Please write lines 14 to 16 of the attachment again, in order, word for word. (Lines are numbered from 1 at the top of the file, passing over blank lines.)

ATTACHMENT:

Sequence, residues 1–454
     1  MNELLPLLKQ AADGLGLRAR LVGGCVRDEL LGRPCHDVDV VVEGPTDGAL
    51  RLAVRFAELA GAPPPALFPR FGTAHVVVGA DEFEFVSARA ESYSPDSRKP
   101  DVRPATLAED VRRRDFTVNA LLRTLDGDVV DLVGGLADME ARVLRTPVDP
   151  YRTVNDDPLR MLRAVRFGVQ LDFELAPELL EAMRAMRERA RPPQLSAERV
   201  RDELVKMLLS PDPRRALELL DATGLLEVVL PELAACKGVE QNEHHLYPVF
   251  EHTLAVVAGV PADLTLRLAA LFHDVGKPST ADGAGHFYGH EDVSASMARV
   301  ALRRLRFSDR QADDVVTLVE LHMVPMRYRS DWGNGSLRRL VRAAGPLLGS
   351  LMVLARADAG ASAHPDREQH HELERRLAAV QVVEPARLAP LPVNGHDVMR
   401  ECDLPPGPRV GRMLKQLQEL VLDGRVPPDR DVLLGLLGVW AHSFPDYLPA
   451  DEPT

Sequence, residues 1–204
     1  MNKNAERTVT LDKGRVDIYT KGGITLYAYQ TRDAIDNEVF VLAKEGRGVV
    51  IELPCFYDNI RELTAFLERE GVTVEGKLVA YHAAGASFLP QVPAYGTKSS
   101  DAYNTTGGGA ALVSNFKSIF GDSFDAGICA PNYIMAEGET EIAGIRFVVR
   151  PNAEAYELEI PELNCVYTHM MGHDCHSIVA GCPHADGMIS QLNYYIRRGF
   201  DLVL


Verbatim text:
    51  IELPCFYDNI RELTAFLERE GVTVEGKLVA YHAAGASFLP QVPAYGTKSS
   101  DAYNTTGGGA ALVSNFKSIF GDSFDAGICA PNYIMAEGET EIAGIRFVVR
   151  PNAEAYELEI PELNCVYTHM MGHDCHSIVA GCPHADGMIS QLNYYIRRGF